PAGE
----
Parts 1, 2 & 3 of our under-appreciated classics of UK thrash already highlighted the likes of Pariah, Seventh Angel, D.A.M, Deathwish & Detritus among others but there’s plenty more quality thrash from good ol’ Blighty still knocking around, collecting dust at the bottom of the thrash pile….which is tantamount to sacrilege!
In actuality, the UK thrashed just as hard as Germany, Brazil and the States and Worship Metal has selected another 6 unsung classics of UK thrash that deserve to be re-evaluated, re-assessed and re-played at eardrum bursting volume!
Thrash it up, UK style!
Anihilated – The Ultimate Desecration (1989)
Anihilated‘s second album is a British thrash milestone, incorporating Exodus’ brash brutality and Slayer’s knack for intimidating menace and groove to form an album worthy of serious attention.
The grisly grooves of instrumental “Desolation” set the scene as Anihilated’s malevolent, sickle-sharp riffing crunches straight into high gear on “Into The Flames Of Armageddon”. The album never lets up from here on in; quality track follows quality track with raspy, sandpaper vocals, wall-of-sound drums and Hell Awaits era Slayer riffs combining furiously to thrash your face clean off.
The Slayer comparisons can be a little too familiar at times but if you’re gonna be inspired, be inspired by one of the best and if being the British Slayer is a bad thing, then we’ll be damned!
Dearly Beheaded – Temptation (1996)
A hulking, crushing slab of mid-90s thrash /groove akin to Machine Head, Skinlab and Overkill (during their most obvious groove era), Dearly Beheaded‘s debut album, Temptation, should have seen these UK bruisers rise above the ranks of mere also rans.
Home to some colossal riffing and a penchant for wringing necks with brute, mid-tempo force, Temptation was a case of right album at the right time with the right producer at the helm (Colin Richardson)…but ‘fame’ was to be short lived. One more album followed, 1997’s Chamber Of One, and then the band imploded; full potential never quite fulfilled.
Some may balk at Dearly Beheaded being described as thrash but if they were ‘thrash’ enough to be included in Ian Glasper’s almighty tome, Contract In Blood: A History of UK Thrash Metal, then they’re ‘thrash’ enough for us!
Hydra Vein – After The Dream (1989)
This swift follow-up to Hydra Vein‘s debut album, Rather Death Than False Of Faith (1988), may have been a little rushed – with only 6 songs making up its brief 30 min runtime – but that doesn’t detract from the quality on display throughout this often overlooked gem.
By upping both the aggression and the technicality some of the naive feral charm of Hydra Vein’s debut may have been lost but that’s not to say that After The Dream was without it’s own Slayer-esque appeal. Warbled intro shriek on opening track “7-U-S-C” aside, the tracks found here are uniformly engaging and thrashed up to fuck, resulting in a sophomore album that should have pushed Hydra Vein to the very top of the UK thrash pile.
Not quite in the same league as Rather Death Than False of Faith but undoubtedly one of the better UK thrash metal albums released at the tail end of the 1980’s!
Re-Animator – Condemned To Eternity (1990)
Arriving a little later in the day, Re-Animator still had enough potential to cause a stir and 1990’s Condemned To Eternity is their greatest achievement.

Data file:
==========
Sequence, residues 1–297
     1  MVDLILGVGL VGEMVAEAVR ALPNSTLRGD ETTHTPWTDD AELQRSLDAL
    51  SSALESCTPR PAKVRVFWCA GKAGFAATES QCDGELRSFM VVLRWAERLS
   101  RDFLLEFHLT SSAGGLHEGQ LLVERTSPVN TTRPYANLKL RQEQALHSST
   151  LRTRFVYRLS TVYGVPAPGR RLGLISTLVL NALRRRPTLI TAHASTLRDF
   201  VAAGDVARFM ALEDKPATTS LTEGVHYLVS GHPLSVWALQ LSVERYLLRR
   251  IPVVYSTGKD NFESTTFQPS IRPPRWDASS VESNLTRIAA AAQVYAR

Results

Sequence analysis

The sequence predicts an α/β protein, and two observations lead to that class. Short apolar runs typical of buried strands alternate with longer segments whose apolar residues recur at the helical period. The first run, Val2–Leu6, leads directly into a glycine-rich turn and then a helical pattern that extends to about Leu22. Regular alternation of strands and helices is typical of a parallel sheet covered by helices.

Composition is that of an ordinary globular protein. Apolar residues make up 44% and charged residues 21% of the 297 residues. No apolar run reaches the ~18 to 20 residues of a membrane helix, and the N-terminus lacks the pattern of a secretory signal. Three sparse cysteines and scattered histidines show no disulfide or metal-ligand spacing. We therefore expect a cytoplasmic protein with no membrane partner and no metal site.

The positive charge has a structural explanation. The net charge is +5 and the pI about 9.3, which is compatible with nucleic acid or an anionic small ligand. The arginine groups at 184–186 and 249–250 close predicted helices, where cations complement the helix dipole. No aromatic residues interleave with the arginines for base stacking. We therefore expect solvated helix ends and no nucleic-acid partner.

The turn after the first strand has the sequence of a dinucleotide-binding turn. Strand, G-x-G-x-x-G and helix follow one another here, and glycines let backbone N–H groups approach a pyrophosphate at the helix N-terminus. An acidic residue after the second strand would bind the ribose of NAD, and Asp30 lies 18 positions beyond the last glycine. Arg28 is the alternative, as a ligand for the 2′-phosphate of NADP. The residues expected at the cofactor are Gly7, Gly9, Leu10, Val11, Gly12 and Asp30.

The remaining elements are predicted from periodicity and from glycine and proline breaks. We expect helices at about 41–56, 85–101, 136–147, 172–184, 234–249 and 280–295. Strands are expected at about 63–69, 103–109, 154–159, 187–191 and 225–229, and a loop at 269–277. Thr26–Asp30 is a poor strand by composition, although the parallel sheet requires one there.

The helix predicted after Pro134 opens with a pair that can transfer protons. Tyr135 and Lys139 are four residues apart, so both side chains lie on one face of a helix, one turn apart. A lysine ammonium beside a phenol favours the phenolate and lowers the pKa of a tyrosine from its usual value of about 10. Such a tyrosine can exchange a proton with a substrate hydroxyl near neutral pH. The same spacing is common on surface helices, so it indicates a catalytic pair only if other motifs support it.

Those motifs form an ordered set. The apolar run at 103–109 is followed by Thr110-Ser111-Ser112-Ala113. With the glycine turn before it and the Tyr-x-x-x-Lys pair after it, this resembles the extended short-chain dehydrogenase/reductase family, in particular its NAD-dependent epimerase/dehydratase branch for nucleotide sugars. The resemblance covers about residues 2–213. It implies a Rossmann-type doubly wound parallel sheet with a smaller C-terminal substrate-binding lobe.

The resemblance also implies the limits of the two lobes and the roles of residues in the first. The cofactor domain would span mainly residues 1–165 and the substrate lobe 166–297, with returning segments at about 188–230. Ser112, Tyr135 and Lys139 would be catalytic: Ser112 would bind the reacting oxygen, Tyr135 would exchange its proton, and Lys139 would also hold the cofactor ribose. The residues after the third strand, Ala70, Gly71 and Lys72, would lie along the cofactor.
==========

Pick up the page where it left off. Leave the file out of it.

Another band in thrall to Testament’s semi-melodic approach, particularly in the Chuck Billy aping vocals, Re-animator still possessed the required skill to amount a convincing thrash attack; proof positive that us Brits could really thrash when we wanted to!
“Low Life” and the instrumental title track are the real highlights, both demonstrating the bands knack for experimental and yet vertebrae-shattering riffs. “Low Life” may rip off Metallica’s “Creeping Death” in its opening bars but that can be forgiven, the song goes on to establish itself as a frenzied neck-breaker in its own right while the title-track challenges Death Angel’s “The Ultraviolence” in the epic instrumental stakes.
In the end, Condemned To Eternity may be one for thrash diehards, but it’s no less convincing because of it.
Solitary – Nothing Changes (1998)
One of the UK’s best kept thrash secrets, these nutters decided to embark on a career in thrash in 1998 and couldn’t have given two shits about the sorry state of the genre as the decade drew to a close. Fuck it, they’d create their own scene if they had to!
Solitary‘s debut release, Nothing Changes, made an immediate impact on the UK’s own nascent thrash scene, reminding thrashers that the UK could still shake shit up when we wanted to and Nothing Changes proved to have a hit in its considerable arsenal!
By 2002, “A Second Chance” had topped the mp3 Metal Charts – having on average been downloaded four thousand times per month – and Solitary were a name to watch. With a solid ear for groove, it was the heads-down clattering of “A Second Chance” and “Twisted” that made Nothing Changes a 90’s thrash album worthy of attention.
Virus – Force Recon (1988)
Perennial underdogs of the UK scene, Virus proved their worth with their second album, Force Recon.
This punk/thrash overload from one of the UK’s most violent band of thrashers kicked even the most hardened thrasher square in the mush when it was released in 1988 and the arrival of guitarist Coke Finlay appeared to light a considerable fire up Virus’ collective arse!
To say that Force Recon was an improvement on debut album Pray For War would be an understatement. Fast, savage and punky as all hell, the production may be shite but the songs shine through with the likes of “Testify to Me” and “Viral Warfare” proving particularly potent
Just a little good, friendly, violent fun….UK style!
Also included in this series: